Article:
United States law protects pharmaceutical patents for 12 years, allowing drug makers to recoup their research-and-development investments before generic companies can come in with far cheaper versions. Negotiators for the United States say they are obligated to defend American law, even though President Obama has been pushing to shorten the patent protection to seven years. . . .

Onward, on a perfect Thursday — and if I had to bet, I’d wager that the TPP deal will get done — at seven years, on biologics. The costs of a “no treaty” outcome are just too steep, for all nations. Enjoy your Thursdays — one and all — starting to swelter, already here!

Other Q2 2015 Release Updates: Hep C Candidate Grazoprevir/Elbasvir Granted Priority FDA Review — Decision By January 2016

July 28, 2015 - Leave a Response

MRK-Q2-FDA-2015 So as not to be lost in the shuffles — of revised guidance, Venezuelan charges and the smallish Israeli oncology candidate acquisition. . .

I will separately post on the next gen, once daily combo tab for Hep C Merck is advancing through Phase III, now. FDA has received the packet, and will likely make a decision on it early in 2016. However, Kenilworth already faces some daunting competitors in this space. Just the same, this is moderately good news:

. . . .Separately, Merck said, the U.S. Food and Drug Administration has accepted for review the company’s new drug application for grazoprevir/elbasvir, a once-daily, single-tablet therapy for hepatitis C. The agency granted priority review for the treatment with a decision expected by Jan. 28 [2016]. . . .

Onward. . . knowing that so much of science is mystical, too. . . the stars shine and glisten, for like one’s skin — in a night rain, under a waning moon — it is science. . . that makes it so. . . . But only if we. . . notice, is it so.

Merck Full Year 2015 GAAP Guidance Hit By Venezuelan Deval; Deal Costs

July 28, 2015 - Leave a Response

c5a12-mrk-q2-2015-ecc3 Kenilworth just reported Q2 2015 results. More soon, but the biggest driver is a $715 million charge in the Venezuelan currency carrying values. More broadly, Merck saw a seven per cent downdraft, due to the strong dollar (effect of weak foreign currencies), at the sales line. Listening to the webcast now.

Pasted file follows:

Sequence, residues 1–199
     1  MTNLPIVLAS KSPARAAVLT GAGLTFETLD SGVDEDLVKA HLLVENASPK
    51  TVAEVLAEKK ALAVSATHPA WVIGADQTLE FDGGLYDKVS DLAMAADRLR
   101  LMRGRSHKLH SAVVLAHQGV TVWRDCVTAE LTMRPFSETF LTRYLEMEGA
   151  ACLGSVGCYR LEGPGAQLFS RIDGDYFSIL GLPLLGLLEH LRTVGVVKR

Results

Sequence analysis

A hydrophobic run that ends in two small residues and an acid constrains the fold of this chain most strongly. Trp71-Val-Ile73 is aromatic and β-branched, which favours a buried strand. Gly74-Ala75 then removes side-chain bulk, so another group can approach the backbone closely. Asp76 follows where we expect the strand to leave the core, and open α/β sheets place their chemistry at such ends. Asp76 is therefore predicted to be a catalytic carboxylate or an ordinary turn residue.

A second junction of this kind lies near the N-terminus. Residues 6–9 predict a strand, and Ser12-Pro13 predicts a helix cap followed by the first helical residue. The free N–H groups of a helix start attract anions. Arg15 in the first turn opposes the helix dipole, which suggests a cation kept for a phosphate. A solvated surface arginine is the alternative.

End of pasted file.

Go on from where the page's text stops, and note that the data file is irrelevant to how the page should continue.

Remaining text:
While it raised the full year non-GAAP guidance range for EPS (a feel-good measure by and large), Merck lowered its full-year GAAP EPS guidance, due to the Venezuelan deval charge, and costs of M&A of late. That’s not welcome news, but had been widely expected.

In a separate release, Merck said it spent modestly to acquire another promising set of cancer pipeline candidates out of Israel, called cCAM Biotherapeutics:

. . . .Under terms of the agreement, Merck, through a subsidiary, will acquire all outstanding stock of cCAM in exchange for an upfront payment of $95 million in cash. In addition, cCAM shareholders of record are eligible to receive a total of up to $510 million associated with the attainment of certain clinical development, regulatory and commercial milestones. The transaction is subject to certain closing conditions. . . .

More later — graphics soon Keytruda is showing a nice sales ramp in melanoma in the U.S., where it is the number one therapy — but that is the smaller burden cancer set — since BMS holds the lead in lung cancers. Do keep in mind, as Dr. Perlmutter talks, that BMS is around a year ahead on most fronts, in the highest burden cancers. Morning — one and all!

UPDATE: Forbes Offers Specific Guesses — For Tomorrow’s Q2 2015 Results

July 27, 2015 - Leave a Response

b3330-mrk-csfb-06-15UPDATED — 07.26.15 @ 1 PM EDT: As to the predicted numbers, here is Forbes on it all — “. . .Analysts are forecasting lower quarterly profits compared with last year’s, at $0.80 a share from sales of $9.78 billion, partially because of its 58% forex exposure. In the year-ago period, MRK made per-share earnings of $0.85 and $10.9 billion in revenue. However, Wall Street hasn’t been great at nailing MRK. If history repeats itself, Merck’s results could beat expectations like it has in 10 of the last 11 quarters. . . .” Now we wait. End, updated portion.